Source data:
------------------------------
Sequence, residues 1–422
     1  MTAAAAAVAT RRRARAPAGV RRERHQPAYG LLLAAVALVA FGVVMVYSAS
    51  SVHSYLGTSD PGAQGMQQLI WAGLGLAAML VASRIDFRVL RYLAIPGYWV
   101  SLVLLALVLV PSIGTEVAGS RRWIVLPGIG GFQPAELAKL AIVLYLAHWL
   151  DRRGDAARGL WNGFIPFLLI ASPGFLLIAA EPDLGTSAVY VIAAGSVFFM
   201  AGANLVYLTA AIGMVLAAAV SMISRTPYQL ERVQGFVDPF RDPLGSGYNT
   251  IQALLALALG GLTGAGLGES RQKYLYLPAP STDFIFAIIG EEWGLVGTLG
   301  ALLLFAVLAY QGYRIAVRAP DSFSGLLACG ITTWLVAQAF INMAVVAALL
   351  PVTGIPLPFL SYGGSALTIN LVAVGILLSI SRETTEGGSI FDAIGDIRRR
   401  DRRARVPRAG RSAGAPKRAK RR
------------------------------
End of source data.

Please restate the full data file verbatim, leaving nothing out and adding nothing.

Sequence, residues 1–422
     1  MTAAAAAVAT RRRARAPAGV RRERHQPAYG LLLAAVALVA FGVVMVYSAS
    51  SVHSYLGTSD PGAQGMQQLI WAGLGLAAML VASRIDFRVL RYLAIPGYWV
   101  SLVLLALVLV PSIGTEVAGS RRWIVLPGIG GFQPAELAKL AIVLYLAHWL
   151  DRRGDAARGL WNGFIPFLLI ASPGFLLIAA EPDLGTSAVY VIAAGSVFFM
   201  AGANLVYLTA AIGMVLAAAV SMISRTPYQL ERVQGFVDPF RDPLGSGYNT
   251  IQALLALALG GLTGAGLGES RQKYLYLPAP STDFIFAIIG EEWGLVGTLG
   301  ALLLFAVLAY QGYRIAVRAP DSFSGLLACG ITTWLVAQAF INMAVVAALL
   351  PVTGIPLPFL SYGGSALTIN LVAVGILLSI SRETTEGGSI FDAIGDIRRR
   401  DRRARVPRAG RSAGAPKRAK RR